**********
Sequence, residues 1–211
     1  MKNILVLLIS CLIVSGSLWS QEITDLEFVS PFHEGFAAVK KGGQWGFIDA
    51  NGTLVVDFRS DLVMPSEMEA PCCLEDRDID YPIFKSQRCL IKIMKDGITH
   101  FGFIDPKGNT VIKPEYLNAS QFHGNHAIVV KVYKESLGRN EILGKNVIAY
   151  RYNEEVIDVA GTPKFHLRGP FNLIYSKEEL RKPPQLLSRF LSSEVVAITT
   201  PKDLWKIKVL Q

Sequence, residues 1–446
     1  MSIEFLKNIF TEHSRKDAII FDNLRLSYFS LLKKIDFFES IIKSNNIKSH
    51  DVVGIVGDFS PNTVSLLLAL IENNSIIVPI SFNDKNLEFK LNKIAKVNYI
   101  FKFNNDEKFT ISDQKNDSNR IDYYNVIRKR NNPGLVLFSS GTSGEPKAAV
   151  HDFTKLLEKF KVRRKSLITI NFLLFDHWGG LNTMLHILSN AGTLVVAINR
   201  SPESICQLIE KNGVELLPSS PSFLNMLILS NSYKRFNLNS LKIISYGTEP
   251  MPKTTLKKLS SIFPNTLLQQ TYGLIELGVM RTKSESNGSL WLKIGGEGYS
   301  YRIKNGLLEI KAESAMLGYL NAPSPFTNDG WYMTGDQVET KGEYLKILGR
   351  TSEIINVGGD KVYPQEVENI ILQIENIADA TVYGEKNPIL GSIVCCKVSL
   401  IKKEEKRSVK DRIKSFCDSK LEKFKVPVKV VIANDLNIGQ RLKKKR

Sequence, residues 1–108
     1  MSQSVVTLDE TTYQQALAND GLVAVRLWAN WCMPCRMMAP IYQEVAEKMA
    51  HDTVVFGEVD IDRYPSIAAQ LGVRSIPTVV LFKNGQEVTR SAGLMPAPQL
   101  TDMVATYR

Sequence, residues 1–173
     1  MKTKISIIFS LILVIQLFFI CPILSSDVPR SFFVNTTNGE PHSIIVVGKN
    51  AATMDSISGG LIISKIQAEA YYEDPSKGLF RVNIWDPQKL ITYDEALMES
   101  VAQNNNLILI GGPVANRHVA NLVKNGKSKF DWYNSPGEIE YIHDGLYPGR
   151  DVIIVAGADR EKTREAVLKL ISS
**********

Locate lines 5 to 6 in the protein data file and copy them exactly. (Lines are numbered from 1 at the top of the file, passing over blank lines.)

   151  RYNEEVIDVA GTPKFHLRGP FNLIYSKEEL RKPPQLLSRF LSSEVVAITT
   201  PKDLWKIKVL Q